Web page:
Friday, December 21, 2012

Fiscal Cliff is holding up Farm Bill and holding down consumer confidence

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Last night, Boehner's "Plan B" for helping avert the Fiscal Cliff, which really should be called the Austerity Bomb, failed.
This morning, Speaker John Boehner, R-Ohio, held a news conference to talk about the fiscal cliff, after his back-up plan–dubbed “Plan B”–did not even garner enough support to be voted on in the House.

“It’s not the outcome that I wanted, but it was the will of the House,” Boehner said Friday. ”We had a number of our members who just really didn’t want to be perceived as having raised taxes. That was the real issue.”
That's having all kinds of ripple effects.  First, it's likely to actually increase spending on agricultural subsidies, but not on all the food items people consume.  Reuters via Scientific American has more in Negotiators see glimmers of progress on farm bill
By Charles Abbott
WASHINGTON (Reuters) - With a week left to act, agricultural leaders in Congress are still deadlocked on two major issues for a new U.S. farm bill, cuts in crop subsidies and reductions in food stamps, said two of the four key negotiators on Thursday.

But the leaders of the House and Senate agriculture committees suggested that recent talks had yielded at least some progress.

Without reauthorization, U.S. farm policy would revert to the provisions of the Agricultural Act of 1949, the last "permanent" farm bill and one crafted for an entirely different U.S. economy.

Among other things, if lawmakers do not agree on a new bill, milk prices in U.S. grocery stores could double next month under terms of the fall-back statute which would also limit plantings while pushing up farm subsidies by billions of dollars.
Milk and other dairy products just happen to be one of the two most valuable agricultural products the U.S. produces, the other being corn.

That news was from two weeks ago.  Since then, the likelihood of the Farm Bill passing has declined just as much as a deal to avert the Austerity Bomb, as Time describes in Creamed by Congress: Farm Bill Inaction May Mean Higher Dairy Prices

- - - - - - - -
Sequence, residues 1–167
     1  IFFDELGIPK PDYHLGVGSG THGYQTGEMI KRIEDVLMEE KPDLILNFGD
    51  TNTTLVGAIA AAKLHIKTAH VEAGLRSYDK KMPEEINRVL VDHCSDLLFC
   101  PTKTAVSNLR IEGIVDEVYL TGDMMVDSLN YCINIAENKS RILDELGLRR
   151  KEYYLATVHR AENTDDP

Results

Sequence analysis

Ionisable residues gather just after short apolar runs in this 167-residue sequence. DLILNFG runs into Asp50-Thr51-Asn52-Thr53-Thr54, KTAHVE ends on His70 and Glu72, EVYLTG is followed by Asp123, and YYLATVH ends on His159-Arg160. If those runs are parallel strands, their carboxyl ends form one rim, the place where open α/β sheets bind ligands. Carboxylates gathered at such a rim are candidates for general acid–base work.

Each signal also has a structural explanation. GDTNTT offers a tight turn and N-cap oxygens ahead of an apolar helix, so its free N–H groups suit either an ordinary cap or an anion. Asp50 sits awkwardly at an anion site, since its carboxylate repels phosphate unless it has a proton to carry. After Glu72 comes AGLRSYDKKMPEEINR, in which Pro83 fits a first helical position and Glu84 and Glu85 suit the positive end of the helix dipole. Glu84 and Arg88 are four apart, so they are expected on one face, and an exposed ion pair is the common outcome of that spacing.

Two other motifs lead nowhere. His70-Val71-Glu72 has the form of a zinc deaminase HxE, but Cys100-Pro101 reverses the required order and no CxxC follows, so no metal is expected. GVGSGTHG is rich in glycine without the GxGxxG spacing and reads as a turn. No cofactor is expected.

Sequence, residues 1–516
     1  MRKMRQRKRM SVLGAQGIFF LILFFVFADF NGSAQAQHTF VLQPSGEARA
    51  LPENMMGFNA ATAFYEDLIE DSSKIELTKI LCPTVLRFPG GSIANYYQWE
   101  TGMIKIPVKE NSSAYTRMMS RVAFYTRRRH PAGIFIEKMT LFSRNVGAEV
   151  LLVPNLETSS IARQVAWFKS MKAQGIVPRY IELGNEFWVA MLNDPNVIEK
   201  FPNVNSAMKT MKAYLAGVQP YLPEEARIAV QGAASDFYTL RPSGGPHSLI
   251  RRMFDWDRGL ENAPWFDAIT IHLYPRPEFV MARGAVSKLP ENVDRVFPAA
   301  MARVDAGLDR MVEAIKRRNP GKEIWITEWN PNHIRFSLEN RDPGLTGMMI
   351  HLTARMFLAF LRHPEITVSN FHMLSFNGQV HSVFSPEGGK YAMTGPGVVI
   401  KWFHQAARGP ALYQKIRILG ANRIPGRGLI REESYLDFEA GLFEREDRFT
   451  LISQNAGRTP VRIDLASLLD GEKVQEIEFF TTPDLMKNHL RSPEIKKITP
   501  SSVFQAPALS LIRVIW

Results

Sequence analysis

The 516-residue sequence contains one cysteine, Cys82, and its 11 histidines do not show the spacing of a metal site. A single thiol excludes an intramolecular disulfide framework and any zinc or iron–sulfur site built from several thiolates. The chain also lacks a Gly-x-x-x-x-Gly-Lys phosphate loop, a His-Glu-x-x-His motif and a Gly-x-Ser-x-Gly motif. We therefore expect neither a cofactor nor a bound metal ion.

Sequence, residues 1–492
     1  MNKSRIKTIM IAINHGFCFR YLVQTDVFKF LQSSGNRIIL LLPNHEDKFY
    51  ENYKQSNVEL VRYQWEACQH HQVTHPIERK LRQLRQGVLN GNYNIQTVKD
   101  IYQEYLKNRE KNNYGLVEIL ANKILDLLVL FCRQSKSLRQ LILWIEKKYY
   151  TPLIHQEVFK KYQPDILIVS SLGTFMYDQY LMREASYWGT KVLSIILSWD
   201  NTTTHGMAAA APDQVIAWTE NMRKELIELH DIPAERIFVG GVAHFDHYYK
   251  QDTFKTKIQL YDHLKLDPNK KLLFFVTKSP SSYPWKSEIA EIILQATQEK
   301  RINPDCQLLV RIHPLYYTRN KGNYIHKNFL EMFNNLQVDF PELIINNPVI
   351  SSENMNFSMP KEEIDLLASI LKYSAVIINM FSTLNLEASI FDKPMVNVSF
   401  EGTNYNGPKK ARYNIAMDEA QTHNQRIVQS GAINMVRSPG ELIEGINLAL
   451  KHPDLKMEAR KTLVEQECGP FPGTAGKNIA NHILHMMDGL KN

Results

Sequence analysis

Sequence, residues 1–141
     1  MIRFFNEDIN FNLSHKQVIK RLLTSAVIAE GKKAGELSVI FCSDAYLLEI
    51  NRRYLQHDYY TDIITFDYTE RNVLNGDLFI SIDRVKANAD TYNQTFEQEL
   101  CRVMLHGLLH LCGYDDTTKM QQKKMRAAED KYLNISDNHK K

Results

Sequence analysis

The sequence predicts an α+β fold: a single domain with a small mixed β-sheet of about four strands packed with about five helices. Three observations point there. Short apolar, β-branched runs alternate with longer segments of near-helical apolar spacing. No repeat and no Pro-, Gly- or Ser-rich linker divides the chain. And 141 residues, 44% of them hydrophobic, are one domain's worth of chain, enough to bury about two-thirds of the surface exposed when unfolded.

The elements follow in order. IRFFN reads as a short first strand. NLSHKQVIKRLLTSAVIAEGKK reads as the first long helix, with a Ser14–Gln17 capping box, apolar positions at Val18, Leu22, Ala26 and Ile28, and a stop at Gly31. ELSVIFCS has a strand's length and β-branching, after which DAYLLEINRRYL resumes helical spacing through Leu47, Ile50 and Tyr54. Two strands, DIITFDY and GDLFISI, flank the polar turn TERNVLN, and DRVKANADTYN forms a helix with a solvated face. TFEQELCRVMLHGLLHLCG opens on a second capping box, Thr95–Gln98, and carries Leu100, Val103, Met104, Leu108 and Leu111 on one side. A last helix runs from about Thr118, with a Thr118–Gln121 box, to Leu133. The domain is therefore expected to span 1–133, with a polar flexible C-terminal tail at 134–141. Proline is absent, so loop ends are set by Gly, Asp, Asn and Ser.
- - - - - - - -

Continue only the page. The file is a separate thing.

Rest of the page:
Forget defense cuts and tax hikes. If Congress doesn’t act before Jan. 1, the price of milk will skyrocket, according to the National Sustainable Agriculture Coalition.

The federal government guarantees a minimum price for dairy under the Farm Bill, a bundle of food regulations including food stamps, crop subsidies, insurance, rural development, research and land conservation passed by Congress every five years. But since the 2008 Farm Bill expired September 30, and with Washington deadlocked on a temporary resolution, the U.S. Department of Agriculture is poised to revert to a 1949 law that would double the guaranteed rate for dairy products, leaving retailers with higher costs to pass onto consumers.

Rep. Collin Peterson, the top Democrat on the House Agriculture Committee, said Wednesday that Congress won’t consider a new Farm Bill until Feb. 27. “The uncertainty of not knowing what the policies are going to be will create difficulties,” Secretary of Agriculture Tom Vilsack said at an event sponsored by the U.S. Chamber of Commerce. “We need a Farm Bill and we need it now.”
MSNBC has more, including a price tag on not passing a Farm Bill.

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As you can see in the video, the realization that the U.S. will go over the cliff has pushed down the prices of stocks and crude oil, both of which are indications of recession.  Speaking of which, all this is having an effect on the U.S. consumer, as the University of Michigan reports consumer confidence plunges in December.
ANN ARBOR—Confidence plunged in December as consumers confronted the rising likelihood that political gridlock would push the country over the fiscal cliff.

Consumers were more pessimistic about their future finances and more pessimistic about the outlook for the overall economy and job prospects, according to University of Michigan economist Richard Curtin, director of the Thomson Reuters/University of Michigan Surveys of Consumers.

One in four consumers spontaneously mentioned hearing about prospects for higher taxes when asked to identify what economic news they had heard, the highest level ever recorded. While the Sentiment Index is still well above the August 2011 low associated with the congressional debate on taxes, spending and the deficit, if no resolution is reached the falloff could easily worsen in the weeks ahead, Curtin predicts. Discounted prices and record low interest rates have forestalled declines in buying attitudes but consumers are likely to reduce purchases if income or payroll taxes increase in 2013.
Here's the past six years of the consumer confidence index.

Merry Christmas and happy cliff diving!

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